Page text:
A walk in the park / by Jeannine Cook

I have always believed that artists are, to an extent, deeply influenced by the world around them. The art that we produce reflects our environment, our optic on life and an understanding of life that is very personal. Granted, when artists are commissioned to produce art, that is a different situation as someone else is dictating requirements for the art and its content. But if an artist is just producing art driven by his or her own passion and vision, then that art is often a mirror of that artist and the surrounding world.

As society grows more urban, it is inevitable that the art produced will reflect more urban concerns, ethos and mores. That is the world in which the artist moves, to a great extent. The artists who live in more rural settings are frequently producing a different type of art, influenced by their surroundings, whether consciously nor not.

I found it interesting, in this context, to read of new research done by Marc G. Berman at the cognitive neuroscience laboratory at the University of Michigan, Ann Arbor. In a recent study, he tested people who had been walking either in a park or in downtown streets. Those who had been for a walk in the park had higher scores for memory and attention. The conclusion was that a natural environment, one that man has been used to since time immemorial, favoured mental reflection and restoration. Conversely, an urban setting, with traffic distractions, noise, people - all visual and auditory stimulation - required full attention and didn't allow mental peace.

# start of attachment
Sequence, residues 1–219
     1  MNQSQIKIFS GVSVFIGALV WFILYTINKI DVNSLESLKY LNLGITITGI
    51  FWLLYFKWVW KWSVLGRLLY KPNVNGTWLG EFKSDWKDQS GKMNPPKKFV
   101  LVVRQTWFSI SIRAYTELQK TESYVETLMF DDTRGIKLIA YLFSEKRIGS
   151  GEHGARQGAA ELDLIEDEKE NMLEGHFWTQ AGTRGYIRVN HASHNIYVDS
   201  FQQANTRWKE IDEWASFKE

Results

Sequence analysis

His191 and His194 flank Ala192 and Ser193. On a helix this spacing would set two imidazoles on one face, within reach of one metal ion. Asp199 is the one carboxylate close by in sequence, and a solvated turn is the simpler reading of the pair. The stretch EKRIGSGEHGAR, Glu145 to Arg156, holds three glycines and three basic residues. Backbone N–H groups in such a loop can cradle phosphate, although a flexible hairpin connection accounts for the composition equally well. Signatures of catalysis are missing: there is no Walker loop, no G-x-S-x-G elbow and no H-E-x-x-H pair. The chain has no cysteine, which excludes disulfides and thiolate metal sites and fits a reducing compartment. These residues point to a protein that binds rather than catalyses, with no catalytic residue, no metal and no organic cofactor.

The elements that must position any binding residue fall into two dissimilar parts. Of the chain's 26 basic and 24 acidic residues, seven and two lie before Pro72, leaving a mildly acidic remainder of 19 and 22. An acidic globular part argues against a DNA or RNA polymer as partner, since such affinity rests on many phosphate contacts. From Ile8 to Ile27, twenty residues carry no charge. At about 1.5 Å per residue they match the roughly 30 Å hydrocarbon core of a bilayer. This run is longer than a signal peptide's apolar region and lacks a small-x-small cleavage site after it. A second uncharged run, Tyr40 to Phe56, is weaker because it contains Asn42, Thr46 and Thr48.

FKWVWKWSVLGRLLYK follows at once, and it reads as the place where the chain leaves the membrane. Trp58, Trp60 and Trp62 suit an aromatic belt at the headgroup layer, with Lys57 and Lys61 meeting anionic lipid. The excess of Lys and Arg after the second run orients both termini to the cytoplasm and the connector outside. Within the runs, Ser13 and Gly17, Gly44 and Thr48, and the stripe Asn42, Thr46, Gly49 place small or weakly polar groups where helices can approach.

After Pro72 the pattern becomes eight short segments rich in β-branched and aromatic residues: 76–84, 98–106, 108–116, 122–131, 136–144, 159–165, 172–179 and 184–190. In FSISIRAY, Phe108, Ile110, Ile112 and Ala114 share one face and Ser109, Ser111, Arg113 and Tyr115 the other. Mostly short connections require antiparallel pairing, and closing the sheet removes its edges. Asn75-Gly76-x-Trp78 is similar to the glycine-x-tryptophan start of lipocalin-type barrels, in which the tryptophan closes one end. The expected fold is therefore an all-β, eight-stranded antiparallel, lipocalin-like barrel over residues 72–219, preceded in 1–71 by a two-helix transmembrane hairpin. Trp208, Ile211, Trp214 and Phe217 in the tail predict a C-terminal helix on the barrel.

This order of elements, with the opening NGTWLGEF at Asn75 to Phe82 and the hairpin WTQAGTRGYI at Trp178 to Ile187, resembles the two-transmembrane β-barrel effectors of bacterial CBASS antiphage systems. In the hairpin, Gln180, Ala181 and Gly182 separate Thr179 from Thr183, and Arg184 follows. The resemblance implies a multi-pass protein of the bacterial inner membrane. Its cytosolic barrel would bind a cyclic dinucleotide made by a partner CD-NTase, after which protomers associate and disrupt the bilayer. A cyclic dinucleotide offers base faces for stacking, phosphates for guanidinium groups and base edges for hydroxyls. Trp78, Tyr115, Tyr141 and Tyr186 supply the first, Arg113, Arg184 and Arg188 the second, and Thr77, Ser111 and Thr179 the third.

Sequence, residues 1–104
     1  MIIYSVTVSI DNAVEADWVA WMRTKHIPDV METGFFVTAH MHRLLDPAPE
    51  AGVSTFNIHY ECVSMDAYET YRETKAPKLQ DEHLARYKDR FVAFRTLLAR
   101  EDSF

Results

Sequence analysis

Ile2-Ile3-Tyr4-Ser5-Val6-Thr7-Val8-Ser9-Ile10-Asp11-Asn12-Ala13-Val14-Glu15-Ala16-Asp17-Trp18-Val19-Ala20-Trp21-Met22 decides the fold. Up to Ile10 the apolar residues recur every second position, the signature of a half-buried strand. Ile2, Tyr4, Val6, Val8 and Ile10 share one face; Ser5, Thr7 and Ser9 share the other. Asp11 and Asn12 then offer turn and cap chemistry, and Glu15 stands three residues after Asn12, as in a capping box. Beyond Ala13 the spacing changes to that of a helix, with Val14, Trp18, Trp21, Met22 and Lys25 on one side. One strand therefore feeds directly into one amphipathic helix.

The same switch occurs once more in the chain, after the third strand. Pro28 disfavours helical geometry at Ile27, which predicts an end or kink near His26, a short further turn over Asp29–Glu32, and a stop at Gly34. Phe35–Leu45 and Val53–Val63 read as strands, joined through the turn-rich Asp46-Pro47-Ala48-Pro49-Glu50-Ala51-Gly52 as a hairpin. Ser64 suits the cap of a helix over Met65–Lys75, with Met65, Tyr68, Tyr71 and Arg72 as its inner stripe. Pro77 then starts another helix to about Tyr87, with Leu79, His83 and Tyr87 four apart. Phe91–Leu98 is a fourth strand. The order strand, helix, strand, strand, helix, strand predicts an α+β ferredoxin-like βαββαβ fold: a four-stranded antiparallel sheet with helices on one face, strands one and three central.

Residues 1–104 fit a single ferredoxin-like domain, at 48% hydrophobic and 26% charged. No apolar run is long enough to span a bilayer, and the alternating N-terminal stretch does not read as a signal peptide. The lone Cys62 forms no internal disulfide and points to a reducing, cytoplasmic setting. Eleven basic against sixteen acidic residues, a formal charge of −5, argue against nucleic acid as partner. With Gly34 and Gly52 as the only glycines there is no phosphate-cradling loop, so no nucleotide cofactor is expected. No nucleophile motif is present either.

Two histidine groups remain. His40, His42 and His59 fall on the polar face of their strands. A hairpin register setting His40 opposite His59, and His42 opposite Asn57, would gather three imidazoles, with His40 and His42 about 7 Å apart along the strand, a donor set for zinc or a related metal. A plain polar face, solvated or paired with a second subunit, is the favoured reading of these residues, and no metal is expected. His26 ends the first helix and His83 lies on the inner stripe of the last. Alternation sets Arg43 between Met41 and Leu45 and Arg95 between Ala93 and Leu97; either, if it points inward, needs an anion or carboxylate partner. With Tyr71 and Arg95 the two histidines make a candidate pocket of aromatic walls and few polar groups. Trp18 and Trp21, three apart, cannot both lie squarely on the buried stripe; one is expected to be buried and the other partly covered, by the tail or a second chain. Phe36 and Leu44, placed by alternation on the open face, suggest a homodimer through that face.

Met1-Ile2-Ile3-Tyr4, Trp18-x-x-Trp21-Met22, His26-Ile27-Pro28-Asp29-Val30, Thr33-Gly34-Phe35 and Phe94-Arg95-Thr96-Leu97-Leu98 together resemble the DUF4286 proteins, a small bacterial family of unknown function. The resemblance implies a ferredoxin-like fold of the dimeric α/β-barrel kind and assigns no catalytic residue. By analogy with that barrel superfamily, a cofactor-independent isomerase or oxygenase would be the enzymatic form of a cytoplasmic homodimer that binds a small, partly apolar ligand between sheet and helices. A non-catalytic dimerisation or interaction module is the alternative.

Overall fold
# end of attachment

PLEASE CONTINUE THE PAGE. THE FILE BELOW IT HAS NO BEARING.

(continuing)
.  Rhythms of the Old Wharf, watercolour, Jeannine Cook artist

.  Rhythms of the Old Wharf, watercolour, Jeannine Cook artist

I could not help wondering if those factors do not also play into the creation of art - of all forms - as well. Peace and quiet, in today's world, are rare, and the complex beauty of nature is also often hard to find. I know that if I am drawing or painting, even in the studio, and I run into a problem, a walk (beneath the magnificent live oaks, along a sandy lane fronting the marshes and salt water creek near my home), is sure to sort out my head and thus help me forward in the artwork. Of course it is a personal preference, but I am always delighted to return to rural quiet when I have been in a big city. It really is a case of chacun a son gout - to each, his choice - but it does seem to show up in the art we all produce.